We both married in the same year in the mid-nineties; yours would last the distance, mine would become a car-crash after a few short years. We did the bridesmaid thing for each other with fluffy dresses and much fussing, most of it by long distance as you lived in the far north of Queensland and we both married on the Gold Coast. I remember losing my contact lens at your wedding and that it was so hot (January) sweat beads dripped from the end of my nose during the ceremony staining my taffeta bosom. I remember you fussing around me at my wedding, straightening my veil and attending to me when my matron of honour was lacking. I think you knew my first marriage was a mistake, but what I loved about you then and still do, is that you stand by me and my decisions even if you think I'm making the wrong one. And you are always there to pick up the pieces with me.





After that it's history, we've been back living close at hand to each other for more than 15 years. There are so many stories I could tell about our life together and so many photos I could blog for years. There is so much I could thank you for I don't even know where to start. So I'll just pick a few that come to mind. Thank you for coming to Hawaii with me by yourself leaving your whole family at home so we could have the girl's week we had booked, even though you were by then 4 months pregnant and already the size of the Hindenburg. Me - I had no excuse. We ate our way around Waikiki Beach like pros.





Thank you for always being there, knowing what needs to be done and just doing it. For the times you brought me casseroles when I was living and studying in Brisbane. For feeding me more than once or twice a week when we lived on Tamborine Mountain and I was batching it in the Rainforest House. For not only feeding my mum and Stan when mum was sick but the Brashness and I as well; I'll always think of my mum when I look at your lasagna.




Thank you for holding my hair while I threw up in the toilet at our hen's night for two. Thank you for being someone I can call when a tree falls on my car and you just find another car for me the same night (true). Thank you for helping me move more than a few times and being able to clear my head when I was just running in circles. I've never met anyone who can pack and unpack a house like you can.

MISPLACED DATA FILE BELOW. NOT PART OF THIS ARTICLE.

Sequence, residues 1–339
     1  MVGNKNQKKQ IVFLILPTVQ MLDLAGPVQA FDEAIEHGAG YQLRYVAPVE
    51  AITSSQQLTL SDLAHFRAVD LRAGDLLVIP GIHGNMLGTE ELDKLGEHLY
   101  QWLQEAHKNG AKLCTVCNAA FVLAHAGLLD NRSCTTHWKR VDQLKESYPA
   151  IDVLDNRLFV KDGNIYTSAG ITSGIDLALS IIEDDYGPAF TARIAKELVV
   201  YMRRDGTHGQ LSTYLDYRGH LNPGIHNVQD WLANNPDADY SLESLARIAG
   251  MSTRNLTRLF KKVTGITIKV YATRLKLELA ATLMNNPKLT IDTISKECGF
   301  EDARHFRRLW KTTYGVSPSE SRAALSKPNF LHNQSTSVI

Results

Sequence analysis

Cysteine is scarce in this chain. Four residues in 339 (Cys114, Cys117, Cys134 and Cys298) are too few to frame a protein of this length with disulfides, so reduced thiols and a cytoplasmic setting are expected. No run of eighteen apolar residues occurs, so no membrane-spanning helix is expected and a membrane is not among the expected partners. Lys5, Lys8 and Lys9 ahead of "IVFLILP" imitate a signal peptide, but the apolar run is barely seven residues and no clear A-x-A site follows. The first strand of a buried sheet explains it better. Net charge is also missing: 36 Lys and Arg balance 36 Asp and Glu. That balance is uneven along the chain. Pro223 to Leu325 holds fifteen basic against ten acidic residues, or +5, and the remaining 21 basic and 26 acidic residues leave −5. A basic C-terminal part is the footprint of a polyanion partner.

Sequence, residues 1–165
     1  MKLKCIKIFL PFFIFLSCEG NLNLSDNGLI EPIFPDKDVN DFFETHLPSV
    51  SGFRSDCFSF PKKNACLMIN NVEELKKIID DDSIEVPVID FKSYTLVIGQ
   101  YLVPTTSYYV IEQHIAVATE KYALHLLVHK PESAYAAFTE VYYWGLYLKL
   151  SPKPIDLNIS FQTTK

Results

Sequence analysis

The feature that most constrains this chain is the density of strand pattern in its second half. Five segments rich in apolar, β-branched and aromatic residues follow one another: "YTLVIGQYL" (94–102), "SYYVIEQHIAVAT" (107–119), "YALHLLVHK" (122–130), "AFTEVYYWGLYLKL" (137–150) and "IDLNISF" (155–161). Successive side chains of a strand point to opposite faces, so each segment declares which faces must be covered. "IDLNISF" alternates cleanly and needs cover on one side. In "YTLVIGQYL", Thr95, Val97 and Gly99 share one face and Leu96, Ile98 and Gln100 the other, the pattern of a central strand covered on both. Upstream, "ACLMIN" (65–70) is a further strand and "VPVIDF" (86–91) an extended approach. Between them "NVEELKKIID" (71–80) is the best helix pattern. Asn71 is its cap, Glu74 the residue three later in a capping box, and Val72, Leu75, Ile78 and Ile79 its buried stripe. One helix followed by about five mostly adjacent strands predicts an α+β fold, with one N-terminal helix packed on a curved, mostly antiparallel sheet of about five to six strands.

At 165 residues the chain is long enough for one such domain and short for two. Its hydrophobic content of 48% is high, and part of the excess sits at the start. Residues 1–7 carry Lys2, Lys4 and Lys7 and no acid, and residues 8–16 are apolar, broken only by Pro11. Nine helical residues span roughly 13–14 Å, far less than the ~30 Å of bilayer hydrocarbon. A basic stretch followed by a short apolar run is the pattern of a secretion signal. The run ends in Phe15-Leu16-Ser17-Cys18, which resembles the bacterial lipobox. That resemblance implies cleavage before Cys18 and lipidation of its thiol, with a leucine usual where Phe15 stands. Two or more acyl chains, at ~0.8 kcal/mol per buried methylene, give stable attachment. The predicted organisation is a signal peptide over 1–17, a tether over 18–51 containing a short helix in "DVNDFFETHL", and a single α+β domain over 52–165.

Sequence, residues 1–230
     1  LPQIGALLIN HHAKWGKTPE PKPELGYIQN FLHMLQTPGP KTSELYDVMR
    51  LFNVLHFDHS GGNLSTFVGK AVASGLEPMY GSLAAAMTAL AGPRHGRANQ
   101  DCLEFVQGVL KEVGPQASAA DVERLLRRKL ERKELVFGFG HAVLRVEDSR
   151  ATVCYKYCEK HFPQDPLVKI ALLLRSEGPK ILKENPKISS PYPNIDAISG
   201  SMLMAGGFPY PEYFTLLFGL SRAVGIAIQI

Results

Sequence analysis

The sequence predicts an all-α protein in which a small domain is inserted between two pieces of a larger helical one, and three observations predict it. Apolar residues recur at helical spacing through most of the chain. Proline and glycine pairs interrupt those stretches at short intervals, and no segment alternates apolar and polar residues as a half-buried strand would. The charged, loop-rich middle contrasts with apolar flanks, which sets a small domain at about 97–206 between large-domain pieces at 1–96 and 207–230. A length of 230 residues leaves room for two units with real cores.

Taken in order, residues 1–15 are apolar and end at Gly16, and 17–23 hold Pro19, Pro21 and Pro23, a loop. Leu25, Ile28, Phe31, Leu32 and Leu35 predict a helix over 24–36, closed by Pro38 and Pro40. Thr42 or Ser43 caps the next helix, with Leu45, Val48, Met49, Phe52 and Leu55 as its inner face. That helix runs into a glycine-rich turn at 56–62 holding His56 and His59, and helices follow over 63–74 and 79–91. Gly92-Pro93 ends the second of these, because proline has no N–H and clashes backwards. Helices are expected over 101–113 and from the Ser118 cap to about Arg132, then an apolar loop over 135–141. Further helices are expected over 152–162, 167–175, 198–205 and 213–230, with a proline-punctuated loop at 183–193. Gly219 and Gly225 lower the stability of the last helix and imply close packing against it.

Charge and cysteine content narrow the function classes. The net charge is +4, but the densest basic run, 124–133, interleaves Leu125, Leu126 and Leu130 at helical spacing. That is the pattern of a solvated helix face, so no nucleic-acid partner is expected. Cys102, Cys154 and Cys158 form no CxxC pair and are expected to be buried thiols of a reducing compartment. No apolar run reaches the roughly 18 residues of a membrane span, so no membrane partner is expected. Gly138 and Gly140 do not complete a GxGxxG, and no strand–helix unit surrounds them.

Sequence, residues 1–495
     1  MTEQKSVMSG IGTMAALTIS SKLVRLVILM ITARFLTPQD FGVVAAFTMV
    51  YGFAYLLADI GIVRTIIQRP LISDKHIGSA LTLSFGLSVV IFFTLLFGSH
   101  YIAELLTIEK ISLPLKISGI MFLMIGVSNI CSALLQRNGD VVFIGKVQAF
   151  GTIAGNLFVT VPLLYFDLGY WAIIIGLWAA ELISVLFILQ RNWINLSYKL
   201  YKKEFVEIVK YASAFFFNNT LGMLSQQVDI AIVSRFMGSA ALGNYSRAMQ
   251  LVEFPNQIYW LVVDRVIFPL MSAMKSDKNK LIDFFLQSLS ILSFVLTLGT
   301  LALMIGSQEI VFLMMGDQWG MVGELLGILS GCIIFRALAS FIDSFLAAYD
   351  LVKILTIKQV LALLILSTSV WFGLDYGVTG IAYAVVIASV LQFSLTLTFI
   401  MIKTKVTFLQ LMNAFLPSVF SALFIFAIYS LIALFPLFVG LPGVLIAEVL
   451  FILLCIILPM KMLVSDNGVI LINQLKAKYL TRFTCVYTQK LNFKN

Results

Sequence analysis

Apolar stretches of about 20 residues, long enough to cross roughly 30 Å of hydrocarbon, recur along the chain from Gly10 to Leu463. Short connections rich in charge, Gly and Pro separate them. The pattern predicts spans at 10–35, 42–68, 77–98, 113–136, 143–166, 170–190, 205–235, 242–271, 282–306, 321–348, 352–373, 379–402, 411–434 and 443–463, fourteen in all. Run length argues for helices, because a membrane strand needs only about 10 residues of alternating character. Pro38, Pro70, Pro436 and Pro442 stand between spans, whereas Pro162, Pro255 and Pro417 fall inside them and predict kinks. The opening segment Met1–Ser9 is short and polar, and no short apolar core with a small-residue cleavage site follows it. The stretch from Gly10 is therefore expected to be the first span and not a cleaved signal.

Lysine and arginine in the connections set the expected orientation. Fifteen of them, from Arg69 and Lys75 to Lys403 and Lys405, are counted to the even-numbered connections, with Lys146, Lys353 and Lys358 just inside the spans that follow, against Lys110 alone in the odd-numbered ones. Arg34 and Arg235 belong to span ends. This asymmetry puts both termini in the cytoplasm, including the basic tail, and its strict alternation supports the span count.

Thank you for being a constant when I've had the rug pulled out from under me, for being a friend who loves me unconditionally and unvaryingly regardless of where I'm at in the universe. Thank you for sharing my disappointments, sadness, losses and grief, and not projecting your own expectations onto my situation. Thank you for always telling me when you thought I was making a mistake but you'd still love me and support my decision regardless. Thank you for never once judging me or saying I told you so, even when I really, sorely deserved it.





When I doubt myself even in my sometimes spectacular victories you are ready with your oft-repeated phrase that you never once doubted me for a second. Thank you for being there to share my successes because I know without you none of it would have been possible. It is your solid belief in me that has kept and still keeps me striving to achieve to my potential, even when I have had to change boats midstream more than once in my life.

Thank you for being my rudder when I was lost at sea.





Someday I expect we'll act out our long-held old-age fantasy of eating our way around Europe together before going into the same retirement village to eat ice cream, fried food and soft cheese all day (with our husbands of course). Until then, I'll raise a glass again with you to the last 34 years together and I look forward to the next 34, because old friends really are the best friends.


1 comment:

Kylie Tayler said...

What a beautiful tribute to friendship, Anna. We often forget to celebrate it like we do romantic attachments, which is sad because it's often a stronger and longer-lasting bond.